Antichrist, 666, and You!

The Bible quite clearly speaks of an Antichrist, and the New Testament writer John, uses the term five times. John is the only writer that actually uses the term, but other writers refer to people who would, in the period of time classed as ‘the last days’, be actively opposed to the Lord Jesus Christ. Connected with this concept of Antichrist, is a series of beasts that are referred to in the last book of the Bible, the Book of Revelation. In this book, the number six hundred and sixty-six refers to the ‘beast’ that is identified as opposing religion.

There are many theories around that attempt to decipher the number 666, and to identify the Antichrist. We will briefly look at a couple of these theories, and will then focus our attention on what the Bible says will be the fulfillment of these prophecies. For they were indeed written as prophecies, and by examining the word of God, we should be able to tell whether or not theses prophecies have had a past fulfillment, whether they have a present fulfillment or whether the prophecies still lie in the future.

The apostle Paul wrote in his second letter to the Thessalonians that before the Second Advent of Jesus Christ, the “man of lawlessness’ must be revealed. This man “opposes and exalts himself against every so-called god or object of worship”, and “in the temple of God” claims to be God. The passage reads as follows:
Concerning the coming of our Lord Jesus Christ and our being gathered to him, we ask you, brothers, not to become easily unsettled or alarmed by some prophecy, report or letter supposed to have come from us, saying that the day of the Lord has already come. Don’t let anyone deceive you in any way, for that day will not come until the rebellion occurs and the man of lawlessness is revealed, the man doomed to destruction. He will oppose and will exalt himself over everything that is called God or is worshipped, so that he sets himself up in Gods temple, proclaiming himself to be God.

Don’t you remember that when I was with you I used to tell you these things? And now you know what is holding him back, so that he may be revealed at the proper time. For the secret power of lawlessness is already at work; but the one who now holds it back will continue to do so till he is taken out of the way. And then the lawless one will be revealed, whom the Lord Jesus will overthrow with the breath of his mouth and destroy by the splendor of his coming. The coming of the lawless one will be in accordance with the work of Satan displayed in all kinds of counterfeit miracles, signs and wonders, and in every sort of evil that deceives those who are perishing. They perish because they refused to love the truth and so be saved. For this reason God sends them a powerful delusion so that they will believe the lie and so that all will be condemned who have not believed the truth but have delighted in wickedness.” 2 Thessalonians 2:1–121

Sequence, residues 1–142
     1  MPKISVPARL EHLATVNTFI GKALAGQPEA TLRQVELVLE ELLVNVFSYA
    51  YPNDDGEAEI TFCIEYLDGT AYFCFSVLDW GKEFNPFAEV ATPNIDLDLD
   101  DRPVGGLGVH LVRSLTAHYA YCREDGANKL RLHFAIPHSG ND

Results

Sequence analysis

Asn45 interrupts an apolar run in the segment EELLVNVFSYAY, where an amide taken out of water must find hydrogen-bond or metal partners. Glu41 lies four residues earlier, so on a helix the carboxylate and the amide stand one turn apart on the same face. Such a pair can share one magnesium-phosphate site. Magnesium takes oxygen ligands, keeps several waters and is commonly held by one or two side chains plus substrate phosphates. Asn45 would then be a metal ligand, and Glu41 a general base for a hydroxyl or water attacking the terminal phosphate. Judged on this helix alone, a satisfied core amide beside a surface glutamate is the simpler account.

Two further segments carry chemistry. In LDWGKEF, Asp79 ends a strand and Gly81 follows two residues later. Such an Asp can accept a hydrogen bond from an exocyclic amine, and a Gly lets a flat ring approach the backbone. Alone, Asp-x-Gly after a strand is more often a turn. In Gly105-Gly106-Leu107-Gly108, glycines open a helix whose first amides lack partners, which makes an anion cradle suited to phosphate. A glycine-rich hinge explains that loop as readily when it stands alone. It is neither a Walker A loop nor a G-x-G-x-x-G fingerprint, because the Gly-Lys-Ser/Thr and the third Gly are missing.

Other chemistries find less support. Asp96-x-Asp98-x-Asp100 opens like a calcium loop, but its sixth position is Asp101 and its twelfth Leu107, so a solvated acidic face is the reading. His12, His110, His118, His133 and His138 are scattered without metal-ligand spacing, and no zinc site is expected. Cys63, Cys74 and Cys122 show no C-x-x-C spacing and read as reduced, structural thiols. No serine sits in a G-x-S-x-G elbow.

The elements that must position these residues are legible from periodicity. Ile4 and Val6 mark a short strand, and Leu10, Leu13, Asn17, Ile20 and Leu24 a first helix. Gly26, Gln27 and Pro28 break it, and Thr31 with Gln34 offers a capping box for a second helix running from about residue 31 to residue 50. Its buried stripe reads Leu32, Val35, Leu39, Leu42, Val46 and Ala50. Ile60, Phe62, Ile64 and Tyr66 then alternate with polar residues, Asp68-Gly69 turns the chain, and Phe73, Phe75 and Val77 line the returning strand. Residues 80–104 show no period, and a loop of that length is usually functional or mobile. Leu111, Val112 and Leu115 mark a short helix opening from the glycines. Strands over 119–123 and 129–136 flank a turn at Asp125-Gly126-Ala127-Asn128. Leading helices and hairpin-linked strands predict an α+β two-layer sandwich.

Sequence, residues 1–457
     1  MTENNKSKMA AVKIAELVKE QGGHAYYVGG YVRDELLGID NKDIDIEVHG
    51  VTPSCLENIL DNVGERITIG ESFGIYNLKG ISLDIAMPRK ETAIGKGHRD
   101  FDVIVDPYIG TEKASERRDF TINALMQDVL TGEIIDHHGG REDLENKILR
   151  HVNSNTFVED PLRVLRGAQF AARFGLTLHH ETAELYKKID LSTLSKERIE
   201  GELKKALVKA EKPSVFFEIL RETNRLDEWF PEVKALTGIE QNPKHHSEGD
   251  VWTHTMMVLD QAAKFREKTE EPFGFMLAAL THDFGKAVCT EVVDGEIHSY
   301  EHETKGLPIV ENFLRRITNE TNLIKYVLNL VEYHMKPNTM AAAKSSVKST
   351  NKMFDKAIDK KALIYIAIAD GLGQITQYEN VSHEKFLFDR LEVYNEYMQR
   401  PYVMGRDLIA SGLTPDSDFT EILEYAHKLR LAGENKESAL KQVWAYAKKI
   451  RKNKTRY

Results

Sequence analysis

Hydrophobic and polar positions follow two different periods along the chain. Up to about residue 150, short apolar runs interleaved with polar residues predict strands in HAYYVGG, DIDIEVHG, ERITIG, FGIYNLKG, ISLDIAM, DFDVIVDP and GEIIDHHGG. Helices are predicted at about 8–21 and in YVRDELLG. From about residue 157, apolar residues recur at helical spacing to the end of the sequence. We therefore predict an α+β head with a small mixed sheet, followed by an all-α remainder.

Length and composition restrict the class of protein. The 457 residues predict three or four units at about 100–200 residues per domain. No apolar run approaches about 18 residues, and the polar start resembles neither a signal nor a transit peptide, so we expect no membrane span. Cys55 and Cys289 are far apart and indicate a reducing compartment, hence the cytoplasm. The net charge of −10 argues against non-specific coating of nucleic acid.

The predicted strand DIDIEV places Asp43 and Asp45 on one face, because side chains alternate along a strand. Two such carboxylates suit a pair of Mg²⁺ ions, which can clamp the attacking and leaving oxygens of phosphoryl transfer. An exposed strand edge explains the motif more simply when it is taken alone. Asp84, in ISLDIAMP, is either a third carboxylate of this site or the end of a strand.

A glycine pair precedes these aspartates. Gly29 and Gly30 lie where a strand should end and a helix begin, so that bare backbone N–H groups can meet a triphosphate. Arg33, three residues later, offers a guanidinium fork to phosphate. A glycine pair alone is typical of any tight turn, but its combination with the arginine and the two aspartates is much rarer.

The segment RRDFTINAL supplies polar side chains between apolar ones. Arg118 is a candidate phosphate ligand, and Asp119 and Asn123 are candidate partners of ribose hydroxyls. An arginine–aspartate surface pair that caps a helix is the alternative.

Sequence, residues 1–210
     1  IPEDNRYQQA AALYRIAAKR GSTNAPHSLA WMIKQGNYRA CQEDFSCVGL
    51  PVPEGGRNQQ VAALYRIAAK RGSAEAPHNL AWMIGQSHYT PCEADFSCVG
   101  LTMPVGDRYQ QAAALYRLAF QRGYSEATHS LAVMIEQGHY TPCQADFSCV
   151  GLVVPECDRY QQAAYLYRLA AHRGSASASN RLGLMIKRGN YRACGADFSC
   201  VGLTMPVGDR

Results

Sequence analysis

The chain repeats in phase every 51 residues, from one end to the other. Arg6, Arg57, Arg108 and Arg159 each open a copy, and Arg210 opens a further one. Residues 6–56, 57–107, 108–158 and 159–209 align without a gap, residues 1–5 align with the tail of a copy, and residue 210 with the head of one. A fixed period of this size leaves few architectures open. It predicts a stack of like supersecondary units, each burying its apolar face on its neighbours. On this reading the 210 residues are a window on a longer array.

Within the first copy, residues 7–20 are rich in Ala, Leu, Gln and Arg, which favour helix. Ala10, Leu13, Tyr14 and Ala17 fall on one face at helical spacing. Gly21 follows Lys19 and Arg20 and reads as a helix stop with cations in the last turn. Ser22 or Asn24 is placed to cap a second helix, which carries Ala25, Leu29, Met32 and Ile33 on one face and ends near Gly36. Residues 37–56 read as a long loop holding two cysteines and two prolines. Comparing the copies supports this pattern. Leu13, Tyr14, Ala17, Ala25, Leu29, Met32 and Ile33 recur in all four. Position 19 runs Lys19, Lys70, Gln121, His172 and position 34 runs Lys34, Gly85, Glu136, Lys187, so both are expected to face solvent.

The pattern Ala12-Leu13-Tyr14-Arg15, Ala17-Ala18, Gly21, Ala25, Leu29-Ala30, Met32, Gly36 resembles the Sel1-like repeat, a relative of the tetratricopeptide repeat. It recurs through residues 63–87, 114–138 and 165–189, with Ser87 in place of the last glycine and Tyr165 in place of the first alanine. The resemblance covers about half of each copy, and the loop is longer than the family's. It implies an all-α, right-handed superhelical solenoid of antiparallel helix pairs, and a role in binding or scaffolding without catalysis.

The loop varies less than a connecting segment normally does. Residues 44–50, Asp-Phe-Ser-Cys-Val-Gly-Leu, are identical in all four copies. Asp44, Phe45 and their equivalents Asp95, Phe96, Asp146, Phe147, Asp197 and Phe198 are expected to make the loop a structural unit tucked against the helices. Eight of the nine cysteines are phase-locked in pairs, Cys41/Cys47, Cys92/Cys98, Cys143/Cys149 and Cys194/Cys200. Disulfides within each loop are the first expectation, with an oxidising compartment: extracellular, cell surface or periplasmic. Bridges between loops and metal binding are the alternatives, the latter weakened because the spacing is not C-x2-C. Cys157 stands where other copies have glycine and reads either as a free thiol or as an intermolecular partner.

This passage has done much to shape the present thinking on the Antichrist. He is seen as a very powerful person, who will set up a temple in Jerusalem, and will cause the world in general to turn away from the Lord Jesus, and cause people to turn to a false religion that will result in the destruction of very many people, This is a common interpretation of the passage, and this broad thinking is then attached to the verses in John’s writings about the Antichrist, flavouring those verses with the pen of the apostle Paul. The flavor is then superimposed on the beast that is numbered ‘666’, and the result is an apparently overwhelming verdict that the Bible speaks of a certain man arising in the world that has super-power sufficient to divert the whole world (or almost) from the true leader of Christianity, namely Jesus Christ.

In today’s world, such a scenario seems credible. Is it credible? Let us look at the Bible to see what it actually reveals, when all the relevant passages are considered.


The word antichrist is almost directly from a Greek word composed of two parts – anti and Christos. The first part of the word, anti, can mean either ‘one who opposes’ or ‘one who substitutes’. The second part is the Greek name of Christ, which in turn is the Greek interpretation of the Hebrew word ‘Messiah’. So, on the basis of the word segments, an antichrist is either ‘one who opposes Jesus Christ’, or, ‘one who substitutes for Jesus Christ’. Although the former interpretation is probably the more common of the two today, there is good evidence that the latter interpretation was the one that dominated in the time of the New Testament writings. As already noted, the apostle John was the only one who specifically mentioned antichrist.

Dear children, this is the last hour; as you have heard that the antichrist is coming, even now many antichrists have come.” 1 John 2:18

Who is the liar? It is the man who denies that Jesus is the Christ. Such a man is the antichrist—he denies the Father and the Son.” 1 John 2:22

…but every spirit that does not acknowledge Jesus is not from God. This is the spirit of antichrist, which you have heard is coming and even now is already in the world.” 1 John 4:3

Many deceivers, who do not acknowledge Jesus Christ as coming in the flesh, have gone out into the world. Any such person is the deceiver and the antichrist.” 2 John 7

These verses indicate that the antichrist is a person, or persons, who substitute a false Christ for the true one—whether the substitution is by lowering the person of Jesus to a mere man of purely human origin or by denying that Jesus was the Son of God.

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